"I've embraced the less-is-more aesthetic and added interest by mixing old and new, shiny and matte, smooth and textured, organic and clean lined," says Kim. "I don't depend on bold colours and patterns."
Femininity reigns in the master bedroom, from the tall tufted headboard and layered wrinkled linens to the mirrored nightstands and petite vase of flouncy pink peonies. Massive windows mean that Kim can watch the sun set from the comfort of bed. Does it get any better than that?
In the master bedroom's built-in office nook, sparkly silver wallpaper subtly offsets the layers of cream, white and gold on the shelves. The palette is echoed in the frameless print of an 18th-century Venetian palazzo ballroom, resulting in a vignette that's the perfect mix of new world and old.
Recipe: Wild mushroom and butternut squash soup
How to: Paint outdoor furniture
When undertaking a DIY project, there are usually a few things to consider. Add tempermental weather to the list and suddenly that little list has multiplied. How do you prepare your furniture for painting? What type of paint do you use? How does it differ for different types of material?
Though the process of painting outdoor furniture may seem daunting now, the best way to go about a DIY job is to be prepared. We talked to an expert at Canadian Tire to do just that. Michael Bache, Category Business Manager at Canadian Tire, shares his prepping and painting how tos to help put your DIY nerves at ease.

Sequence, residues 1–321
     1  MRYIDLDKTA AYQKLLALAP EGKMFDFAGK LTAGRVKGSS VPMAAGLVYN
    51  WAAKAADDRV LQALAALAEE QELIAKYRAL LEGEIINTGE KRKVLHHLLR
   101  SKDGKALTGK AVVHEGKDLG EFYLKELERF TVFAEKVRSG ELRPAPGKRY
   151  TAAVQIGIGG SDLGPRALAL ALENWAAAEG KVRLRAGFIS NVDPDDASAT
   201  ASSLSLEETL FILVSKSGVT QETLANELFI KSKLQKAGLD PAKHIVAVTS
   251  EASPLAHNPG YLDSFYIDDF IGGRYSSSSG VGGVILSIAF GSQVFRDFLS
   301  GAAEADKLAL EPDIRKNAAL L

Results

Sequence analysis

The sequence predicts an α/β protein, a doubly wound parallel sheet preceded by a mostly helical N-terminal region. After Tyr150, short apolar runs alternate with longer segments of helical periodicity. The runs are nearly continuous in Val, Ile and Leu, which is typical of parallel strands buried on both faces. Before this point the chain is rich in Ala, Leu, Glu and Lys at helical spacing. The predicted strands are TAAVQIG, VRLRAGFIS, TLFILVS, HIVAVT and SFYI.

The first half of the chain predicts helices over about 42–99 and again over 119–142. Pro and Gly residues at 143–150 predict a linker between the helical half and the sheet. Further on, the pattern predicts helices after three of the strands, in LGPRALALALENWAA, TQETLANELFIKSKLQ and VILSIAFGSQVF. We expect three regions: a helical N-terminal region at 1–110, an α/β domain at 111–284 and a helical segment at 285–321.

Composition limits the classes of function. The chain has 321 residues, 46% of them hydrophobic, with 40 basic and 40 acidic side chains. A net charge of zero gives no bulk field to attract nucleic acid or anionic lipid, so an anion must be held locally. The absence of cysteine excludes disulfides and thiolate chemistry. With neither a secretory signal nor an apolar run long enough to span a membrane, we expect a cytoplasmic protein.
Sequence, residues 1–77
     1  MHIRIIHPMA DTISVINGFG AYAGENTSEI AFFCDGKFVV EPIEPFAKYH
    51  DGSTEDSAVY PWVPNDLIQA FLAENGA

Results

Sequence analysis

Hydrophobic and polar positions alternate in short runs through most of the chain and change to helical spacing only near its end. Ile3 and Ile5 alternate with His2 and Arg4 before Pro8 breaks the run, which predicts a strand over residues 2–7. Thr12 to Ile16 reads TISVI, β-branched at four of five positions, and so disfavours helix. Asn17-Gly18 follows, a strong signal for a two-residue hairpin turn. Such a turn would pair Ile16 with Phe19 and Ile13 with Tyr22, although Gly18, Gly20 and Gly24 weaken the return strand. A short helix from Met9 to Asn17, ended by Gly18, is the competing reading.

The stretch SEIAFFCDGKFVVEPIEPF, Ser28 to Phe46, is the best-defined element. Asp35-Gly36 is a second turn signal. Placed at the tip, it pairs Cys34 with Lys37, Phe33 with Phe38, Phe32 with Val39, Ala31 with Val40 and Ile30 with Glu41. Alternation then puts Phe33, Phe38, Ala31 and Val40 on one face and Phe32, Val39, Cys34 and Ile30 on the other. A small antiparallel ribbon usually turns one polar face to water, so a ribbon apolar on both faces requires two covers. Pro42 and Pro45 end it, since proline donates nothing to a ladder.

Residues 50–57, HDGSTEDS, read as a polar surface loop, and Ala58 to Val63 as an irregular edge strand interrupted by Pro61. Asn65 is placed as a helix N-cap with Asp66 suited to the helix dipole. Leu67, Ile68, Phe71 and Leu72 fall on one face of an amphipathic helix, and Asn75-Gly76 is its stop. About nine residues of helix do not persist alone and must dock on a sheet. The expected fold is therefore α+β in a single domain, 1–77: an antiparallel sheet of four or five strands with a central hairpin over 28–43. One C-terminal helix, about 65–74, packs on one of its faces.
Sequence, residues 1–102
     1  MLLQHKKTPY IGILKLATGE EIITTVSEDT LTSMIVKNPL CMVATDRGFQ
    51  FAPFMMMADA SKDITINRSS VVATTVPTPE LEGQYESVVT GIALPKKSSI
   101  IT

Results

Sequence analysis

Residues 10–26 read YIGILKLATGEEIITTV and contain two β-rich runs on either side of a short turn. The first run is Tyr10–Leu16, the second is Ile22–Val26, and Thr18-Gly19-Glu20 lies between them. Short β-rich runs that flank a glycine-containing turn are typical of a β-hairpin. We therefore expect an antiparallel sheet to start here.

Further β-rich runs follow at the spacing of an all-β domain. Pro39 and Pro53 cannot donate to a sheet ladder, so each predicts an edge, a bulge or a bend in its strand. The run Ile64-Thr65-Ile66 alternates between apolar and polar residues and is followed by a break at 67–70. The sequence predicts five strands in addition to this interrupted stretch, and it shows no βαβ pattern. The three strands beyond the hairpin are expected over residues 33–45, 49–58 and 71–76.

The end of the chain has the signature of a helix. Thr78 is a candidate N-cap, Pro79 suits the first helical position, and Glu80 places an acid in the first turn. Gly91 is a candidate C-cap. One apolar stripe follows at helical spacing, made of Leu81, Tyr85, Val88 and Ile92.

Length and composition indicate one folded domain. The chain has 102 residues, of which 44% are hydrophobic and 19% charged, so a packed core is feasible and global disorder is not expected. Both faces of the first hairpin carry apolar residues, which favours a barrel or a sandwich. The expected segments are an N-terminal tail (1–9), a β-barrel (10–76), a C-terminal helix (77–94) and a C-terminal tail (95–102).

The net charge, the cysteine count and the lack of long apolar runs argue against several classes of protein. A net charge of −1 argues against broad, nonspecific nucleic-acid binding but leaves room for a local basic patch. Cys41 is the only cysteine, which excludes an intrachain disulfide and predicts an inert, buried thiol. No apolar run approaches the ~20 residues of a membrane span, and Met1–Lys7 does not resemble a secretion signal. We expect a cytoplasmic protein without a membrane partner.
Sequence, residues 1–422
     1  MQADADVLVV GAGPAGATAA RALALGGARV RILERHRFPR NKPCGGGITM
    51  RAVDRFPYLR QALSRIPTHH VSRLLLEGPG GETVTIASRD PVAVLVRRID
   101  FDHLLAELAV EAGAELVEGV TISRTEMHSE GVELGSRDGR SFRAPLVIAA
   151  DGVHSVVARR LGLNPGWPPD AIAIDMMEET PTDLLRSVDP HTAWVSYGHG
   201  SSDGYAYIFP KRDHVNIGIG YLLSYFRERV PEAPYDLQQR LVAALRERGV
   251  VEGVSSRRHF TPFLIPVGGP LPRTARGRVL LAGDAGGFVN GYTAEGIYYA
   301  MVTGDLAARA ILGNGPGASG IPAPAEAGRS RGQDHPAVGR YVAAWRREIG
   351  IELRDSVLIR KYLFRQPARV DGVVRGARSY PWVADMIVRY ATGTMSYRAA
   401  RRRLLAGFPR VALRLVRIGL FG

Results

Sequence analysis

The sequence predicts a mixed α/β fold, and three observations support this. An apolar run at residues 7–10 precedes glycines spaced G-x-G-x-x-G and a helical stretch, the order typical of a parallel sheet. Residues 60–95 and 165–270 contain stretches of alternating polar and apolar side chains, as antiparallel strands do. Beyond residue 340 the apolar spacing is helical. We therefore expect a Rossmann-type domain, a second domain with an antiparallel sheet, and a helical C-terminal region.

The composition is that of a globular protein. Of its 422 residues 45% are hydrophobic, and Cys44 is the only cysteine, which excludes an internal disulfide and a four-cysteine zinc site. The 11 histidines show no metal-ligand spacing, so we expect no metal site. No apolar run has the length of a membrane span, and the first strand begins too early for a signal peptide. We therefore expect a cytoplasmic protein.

1 What supplies will you need for prepping and painting?
Depending on the state of the furniture (e.g. new wood, old plastic, painted metal, painted wood) and the type of paint chosen, a variety of items should be considered.
If using brush-on paint, consider using a primer before applying a new fresh coat of colour. When priming your furniture, make sure to use a good quality paintbrush and rags or drop cloths for clean-up. However, if you're using Krylon® Fusion™ no primer is required.
If repainting a metal or wood surface that has loose peeling paint, it must be removed for best adhesion. You can use sandpaper, steel wool, wire brush, scraper, or a stripper. You may require a tack cloth to clean up dust residue when sanding. If sanding a latex paint, a simple damp rag will work just fine.